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$f(x,y,z)=xe^{yz}$

$D=\{x^2+y^2+z^2\le 25,3x^2+y^2+z^2=27\}$ $$ \left\{ \begin{array}{ll} f_x=e^{yz}=0\\ f_y=xze^{yz}=0\\ f_x=xye^{yz}=0 \end{array} \right. $$

from here I can't see any critical point.

Now in order to find the critical point constrained on $D$, I'll use the Lagrange multiplier method:

$$ \left\{ \begin{array}{ll} e^{yz}=zx\lambda+6x\mu\\ xze^{yz}=2y\lambda+2y\mu\\ xye^{yz}=2z\lambda+2z\mu\\ x^2+y^2+z^2-25=0\\ 3x^2+y^2+z^2-27=0 \end{array} \right. $$

From that system I found :

$(\pm1,\sqrt{12},\sqrt{12}),(\pm1,-\sqrt{12},-\sqrt{12}),(\pm1,\sqrt{12},-\sqrt{12}),(\pm1,-\sqrt{12},\sqrt{12})$

pugging them back into the function :

$f(1,\pm\sqrt{12},\pm\sqrt{12})=e^{12}$

$f(-1,\pm\sqrt{12},\mp\sqrt{12})=-e^{12}$

$f(1,\pm\sqrt{12},\pm\sqrt{12})=e^{-12}=\frac{1}{e^{12}}$

Questions:

1)

Can I state that $f(1,\pm\sqrt{12},\pm\sqrt{12})=e^{12}$,$f(1,\pm\sqrt{12},\pm\sqrt{12})=e^{-12}=\frac{1}{e^{12}}$ are a maximum , $f(-1,\pm\sqrt{12},\mp\sqrt{12})=-e^{12}$ a minimum , without using The $3x3$ hessiam matrix ?

2)

Judging by the fact that I didn't find any critical points by setting $f_x=0,f_y=0,f_z=0$ does that mean there are not critical points (max-min) inside $D$ or outside it, so the only critical points are only those constrained that I found before ?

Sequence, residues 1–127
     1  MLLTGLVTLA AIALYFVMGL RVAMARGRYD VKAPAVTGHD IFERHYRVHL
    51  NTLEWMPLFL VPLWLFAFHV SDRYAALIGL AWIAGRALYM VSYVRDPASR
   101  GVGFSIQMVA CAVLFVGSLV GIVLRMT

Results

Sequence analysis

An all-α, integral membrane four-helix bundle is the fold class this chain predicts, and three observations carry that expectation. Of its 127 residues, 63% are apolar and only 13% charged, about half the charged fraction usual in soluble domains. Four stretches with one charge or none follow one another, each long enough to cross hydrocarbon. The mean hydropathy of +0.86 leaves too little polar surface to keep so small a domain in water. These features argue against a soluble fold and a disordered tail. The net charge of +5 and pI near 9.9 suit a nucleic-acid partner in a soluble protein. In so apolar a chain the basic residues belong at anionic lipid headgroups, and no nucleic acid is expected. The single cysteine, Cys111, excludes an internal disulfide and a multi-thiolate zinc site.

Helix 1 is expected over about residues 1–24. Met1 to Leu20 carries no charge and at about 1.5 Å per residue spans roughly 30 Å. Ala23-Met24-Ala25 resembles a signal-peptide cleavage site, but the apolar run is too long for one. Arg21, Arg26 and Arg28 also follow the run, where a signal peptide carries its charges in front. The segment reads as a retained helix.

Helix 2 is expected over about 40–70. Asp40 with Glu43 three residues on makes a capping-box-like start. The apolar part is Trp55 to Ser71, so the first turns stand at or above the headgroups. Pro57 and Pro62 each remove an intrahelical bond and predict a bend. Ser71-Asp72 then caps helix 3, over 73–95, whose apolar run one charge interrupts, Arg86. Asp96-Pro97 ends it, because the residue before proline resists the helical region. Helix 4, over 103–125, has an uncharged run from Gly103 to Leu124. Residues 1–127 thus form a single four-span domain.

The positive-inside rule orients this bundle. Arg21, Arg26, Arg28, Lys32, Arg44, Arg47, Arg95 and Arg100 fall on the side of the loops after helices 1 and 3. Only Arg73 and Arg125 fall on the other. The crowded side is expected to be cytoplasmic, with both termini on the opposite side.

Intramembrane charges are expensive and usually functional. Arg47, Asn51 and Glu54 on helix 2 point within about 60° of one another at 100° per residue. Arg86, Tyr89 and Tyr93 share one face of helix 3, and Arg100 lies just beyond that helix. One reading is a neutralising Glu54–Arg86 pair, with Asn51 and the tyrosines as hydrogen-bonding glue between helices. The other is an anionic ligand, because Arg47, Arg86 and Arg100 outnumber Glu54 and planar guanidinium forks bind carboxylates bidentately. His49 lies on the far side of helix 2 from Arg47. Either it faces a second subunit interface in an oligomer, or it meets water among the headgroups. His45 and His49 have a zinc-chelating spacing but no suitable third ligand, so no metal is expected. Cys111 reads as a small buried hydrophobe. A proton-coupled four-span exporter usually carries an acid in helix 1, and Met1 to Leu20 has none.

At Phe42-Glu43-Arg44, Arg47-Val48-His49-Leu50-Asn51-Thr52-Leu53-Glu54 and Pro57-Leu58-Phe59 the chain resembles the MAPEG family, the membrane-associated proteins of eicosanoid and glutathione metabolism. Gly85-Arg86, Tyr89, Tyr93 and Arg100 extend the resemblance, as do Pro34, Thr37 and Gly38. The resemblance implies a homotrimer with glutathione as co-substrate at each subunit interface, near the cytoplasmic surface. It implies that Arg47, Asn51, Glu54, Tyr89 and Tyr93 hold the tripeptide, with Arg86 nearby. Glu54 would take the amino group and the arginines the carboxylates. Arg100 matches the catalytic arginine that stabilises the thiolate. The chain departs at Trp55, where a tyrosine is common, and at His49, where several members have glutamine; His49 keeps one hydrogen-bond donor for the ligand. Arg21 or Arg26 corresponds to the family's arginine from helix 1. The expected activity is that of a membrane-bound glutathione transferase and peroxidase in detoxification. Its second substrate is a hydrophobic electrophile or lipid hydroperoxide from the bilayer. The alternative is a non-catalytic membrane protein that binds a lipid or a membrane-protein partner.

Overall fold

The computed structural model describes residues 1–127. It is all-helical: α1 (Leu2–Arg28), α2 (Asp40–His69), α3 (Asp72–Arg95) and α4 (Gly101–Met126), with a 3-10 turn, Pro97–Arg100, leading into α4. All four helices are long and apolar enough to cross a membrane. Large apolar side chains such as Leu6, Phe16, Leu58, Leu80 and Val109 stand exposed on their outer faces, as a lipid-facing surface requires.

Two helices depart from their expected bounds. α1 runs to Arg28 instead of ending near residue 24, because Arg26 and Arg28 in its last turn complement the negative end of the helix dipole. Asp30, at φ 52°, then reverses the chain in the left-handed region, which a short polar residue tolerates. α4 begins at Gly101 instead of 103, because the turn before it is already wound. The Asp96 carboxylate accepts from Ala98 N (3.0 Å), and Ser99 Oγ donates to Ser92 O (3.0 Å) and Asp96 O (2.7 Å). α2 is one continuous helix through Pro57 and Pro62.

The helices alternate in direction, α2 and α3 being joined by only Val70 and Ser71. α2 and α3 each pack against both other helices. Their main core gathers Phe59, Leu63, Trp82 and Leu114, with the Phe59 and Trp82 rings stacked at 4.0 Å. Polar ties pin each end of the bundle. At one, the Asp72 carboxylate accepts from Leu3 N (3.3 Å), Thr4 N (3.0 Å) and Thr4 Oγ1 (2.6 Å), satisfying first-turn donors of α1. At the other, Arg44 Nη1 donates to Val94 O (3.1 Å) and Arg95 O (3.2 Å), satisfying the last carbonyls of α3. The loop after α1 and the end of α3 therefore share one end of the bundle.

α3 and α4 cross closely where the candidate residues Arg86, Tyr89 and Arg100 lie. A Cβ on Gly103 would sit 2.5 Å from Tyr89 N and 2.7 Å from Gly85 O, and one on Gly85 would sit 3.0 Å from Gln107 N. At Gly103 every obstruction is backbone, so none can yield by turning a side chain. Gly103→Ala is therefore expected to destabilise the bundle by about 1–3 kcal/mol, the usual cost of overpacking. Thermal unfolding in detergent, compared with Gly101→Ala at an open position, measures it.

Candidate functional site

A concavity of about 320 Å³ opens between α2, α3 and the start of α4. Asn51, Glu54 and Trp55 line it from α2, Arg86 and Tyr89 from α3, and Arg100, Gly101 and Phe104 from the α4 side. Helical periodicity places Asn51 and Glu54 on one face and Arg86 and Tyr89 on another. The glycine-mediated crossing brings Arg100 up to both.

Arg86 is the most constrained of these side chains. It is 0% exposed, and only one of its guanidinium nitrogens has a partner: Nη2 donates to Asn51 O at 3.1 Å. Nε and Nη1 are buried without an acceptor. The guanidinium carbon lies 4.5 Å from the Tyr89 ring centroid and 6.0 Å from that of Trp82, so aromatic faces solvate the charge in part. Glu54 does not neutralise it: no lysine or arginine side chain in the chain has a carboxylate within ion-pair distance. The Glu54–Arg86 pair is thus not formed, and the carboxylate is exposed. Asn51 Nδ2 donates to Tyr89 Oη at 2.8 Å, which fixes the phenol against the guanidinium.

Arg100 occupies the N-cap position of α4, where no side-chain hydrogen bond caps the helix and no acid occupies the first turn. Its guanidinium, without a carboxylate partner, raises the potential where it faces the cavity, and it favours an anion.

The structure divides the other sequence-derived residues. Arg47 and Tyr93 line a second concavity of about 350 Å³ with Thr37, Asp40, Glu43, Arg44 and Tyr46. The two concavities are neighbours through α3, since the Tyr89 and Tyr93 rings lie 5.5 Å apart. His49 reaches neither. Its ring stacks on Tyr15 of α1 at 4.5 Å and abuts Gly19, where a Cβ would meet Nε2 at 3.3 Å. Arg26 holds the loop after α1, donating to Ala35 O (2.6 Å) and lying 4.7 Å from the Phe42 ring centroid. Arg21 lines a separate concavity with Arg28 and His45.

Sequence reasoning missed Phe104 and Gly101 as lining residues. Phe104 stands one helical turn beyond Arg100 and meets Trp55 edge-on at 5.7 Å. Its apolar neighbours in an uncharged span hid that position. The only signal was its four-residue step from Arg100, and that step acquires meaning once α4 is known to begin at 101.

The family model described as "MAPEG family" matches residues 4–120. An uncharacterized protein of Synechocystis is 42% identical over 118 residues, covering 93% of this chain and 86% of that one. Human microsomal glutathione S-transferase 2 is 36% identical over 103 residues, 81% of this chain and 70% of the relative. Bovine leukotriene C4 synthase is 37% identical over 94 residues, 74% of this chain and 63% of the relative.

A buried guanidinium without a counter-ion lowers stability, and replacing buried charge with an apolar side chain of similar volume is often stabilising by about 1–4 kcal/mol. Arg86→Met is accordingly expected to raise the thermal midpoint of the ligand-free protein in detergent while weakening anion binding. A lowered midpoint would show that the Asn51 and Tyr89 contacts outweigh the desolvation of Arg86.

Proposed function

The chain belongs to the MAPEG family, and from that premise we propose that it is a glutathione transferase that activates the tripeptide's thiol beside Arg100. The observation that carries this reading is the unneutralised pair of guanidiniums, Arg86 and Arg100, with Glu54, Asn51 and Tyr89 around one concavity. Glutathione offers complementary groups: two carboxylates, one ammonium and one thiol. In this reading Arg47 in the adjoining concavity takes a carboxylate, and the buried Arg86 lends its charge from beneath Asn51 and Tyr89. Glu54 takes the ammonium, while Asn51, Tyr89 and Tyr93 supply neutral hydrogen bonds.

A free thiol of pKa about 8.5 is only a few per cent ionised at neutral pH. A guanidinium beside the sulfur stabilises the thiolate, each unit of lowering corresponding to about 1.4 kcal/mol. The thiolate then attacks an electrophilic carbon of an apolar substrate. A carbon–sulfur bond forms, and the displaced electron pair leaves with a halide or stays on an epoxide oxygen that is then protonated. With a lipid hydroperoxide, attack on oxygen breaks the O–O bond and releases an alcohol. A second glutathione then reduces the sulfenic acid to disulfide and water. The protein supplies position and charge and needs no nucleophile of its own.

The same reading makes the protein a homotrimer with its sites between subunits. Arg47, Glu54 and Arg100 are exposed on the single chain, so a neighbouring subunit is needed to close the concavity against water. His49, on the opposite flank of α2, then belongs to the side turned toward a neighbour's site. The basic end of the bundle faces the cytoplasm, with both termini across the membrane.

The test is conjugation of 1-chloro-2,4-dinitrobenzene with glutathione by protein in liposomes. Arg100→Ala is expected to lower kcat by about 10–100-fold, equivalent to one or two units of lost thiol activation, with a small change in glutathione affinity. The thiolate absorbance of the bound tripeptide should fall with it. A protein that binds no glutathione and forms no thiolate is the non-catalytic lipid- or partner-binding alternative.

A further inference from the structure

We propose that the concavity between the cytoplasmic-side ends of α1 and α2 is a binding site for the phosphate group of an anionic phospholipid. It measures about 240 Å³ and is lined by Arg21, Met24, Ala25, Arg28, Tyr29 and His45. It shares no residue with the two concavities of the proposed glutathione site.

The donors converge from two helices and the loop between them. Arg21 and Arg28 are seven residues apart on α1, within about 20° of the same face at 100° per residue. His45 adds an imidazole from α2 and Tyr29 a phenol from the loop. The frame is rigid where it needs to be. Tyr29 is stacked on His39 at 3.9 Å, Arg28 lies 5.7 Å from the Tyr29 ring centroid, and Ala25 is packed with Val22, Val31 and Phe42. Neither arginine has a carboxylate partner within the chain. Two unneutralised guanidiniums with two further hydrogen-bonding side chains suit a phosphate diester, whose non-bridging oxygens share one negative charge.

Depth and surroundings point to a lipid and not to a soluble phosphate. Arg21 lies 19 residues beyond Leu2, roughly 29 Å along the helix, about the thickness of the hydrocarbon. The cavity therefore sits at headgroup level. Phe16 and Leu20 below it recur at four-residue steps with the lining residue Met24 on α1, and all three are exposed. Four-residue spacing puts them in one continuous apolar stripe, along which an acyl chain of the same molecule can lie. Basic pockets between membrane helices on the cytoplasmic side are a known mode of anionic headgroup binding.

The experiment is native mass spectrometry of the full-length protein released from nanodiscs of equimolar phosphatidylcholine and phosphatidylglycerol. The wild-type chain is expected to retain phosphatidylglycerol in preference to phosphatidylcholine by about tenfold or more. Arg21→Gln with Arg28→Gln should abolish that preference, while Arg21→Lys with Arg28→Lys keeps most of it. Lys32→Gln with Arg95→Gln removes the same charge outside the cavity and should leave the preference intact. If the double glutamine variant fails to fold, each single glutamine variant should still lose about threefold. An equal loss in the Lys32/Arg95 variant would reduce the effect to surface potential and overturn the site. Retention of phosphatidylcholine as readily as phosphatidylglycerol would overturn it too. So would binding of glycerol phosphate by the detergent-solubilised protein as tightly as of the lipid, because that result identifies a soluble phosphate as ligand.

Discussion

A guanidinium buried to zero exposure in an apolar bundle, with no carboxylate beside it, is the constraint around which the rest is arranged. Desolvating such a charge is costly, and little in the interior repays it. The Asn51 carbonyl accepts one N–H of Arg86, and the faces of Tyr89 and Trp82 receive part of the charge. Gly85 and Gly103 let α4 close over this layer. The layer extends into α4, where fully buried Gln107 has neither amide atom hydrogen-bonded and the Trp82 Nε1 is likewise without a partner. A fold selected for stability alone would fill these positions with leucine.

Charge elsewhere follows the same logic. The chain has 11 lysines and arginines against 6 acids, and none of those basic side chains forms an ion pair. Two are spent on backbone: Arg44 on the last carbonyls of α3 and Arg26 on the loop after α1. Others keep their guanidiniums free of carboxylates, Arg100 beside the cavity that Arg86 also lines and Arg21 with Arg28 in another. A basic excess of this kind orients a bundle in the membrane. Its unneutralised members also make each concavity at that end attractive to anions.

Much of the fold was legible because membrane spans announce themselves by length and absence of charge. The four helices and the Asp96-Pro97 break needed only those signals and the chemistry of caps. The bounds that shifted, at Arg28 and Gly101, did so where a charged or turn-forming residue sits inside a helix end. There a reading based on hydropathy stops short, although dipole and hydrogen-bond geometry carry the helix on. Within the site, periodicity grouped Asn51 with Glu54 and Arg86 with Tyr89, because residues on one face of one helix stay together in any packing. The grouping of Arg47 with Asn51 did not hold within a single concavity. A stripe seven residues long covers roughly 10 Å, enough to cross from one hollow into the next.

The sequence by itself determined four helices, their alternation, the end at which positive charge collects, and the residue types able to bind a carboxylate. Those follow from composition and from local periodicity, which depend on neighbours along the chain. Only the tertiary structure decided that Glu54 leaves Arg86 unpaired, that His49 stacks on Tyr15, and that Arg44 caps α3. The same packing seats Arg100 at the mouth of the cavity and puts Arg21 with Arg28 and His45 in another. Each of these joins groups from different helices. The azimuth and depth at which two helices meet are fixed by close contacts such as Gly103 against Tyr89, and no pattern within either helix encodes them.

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  • $\begingroup$ Did you find any critical points with just the sharp constraint (the second one) that still are in $D$? So with just one lagrange multiplier? $\endgroup$ – maxmilgram Feb 11 at 15:21
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The set $D$ is a rotational elliptical surface, bounded by two circles. There are no $3$-variables critical points to consider.

Write $$y=r\cos\phi,\quad z=r\sin\phi\ .$$ Then we have to extremise the function $$g(x,r,\phi):=xe^{r^2\sin(2\phi)/2}$$ under the constraints $$x^2+r^2\leq25,\quad 3x^2+r^2=27\ .\tag{1}$$ Given $x>0$ and $r\geq0$ the function $\phi\mapsto g(x,r,\phi)$ is maximal when $\sin(2\phi)=1$. We therefore have to maximize $$g_\max(x,r):=xe^{r^2/2}$$ under the constraints $(1)$ and $x>0$, $r\geq0$. It is then clear that the minimum of $f$ is obtained as $g_\min=-g_\max$ by replacing $x_\max$ by $x_\min=-x_\max$, keeping the same $r$.

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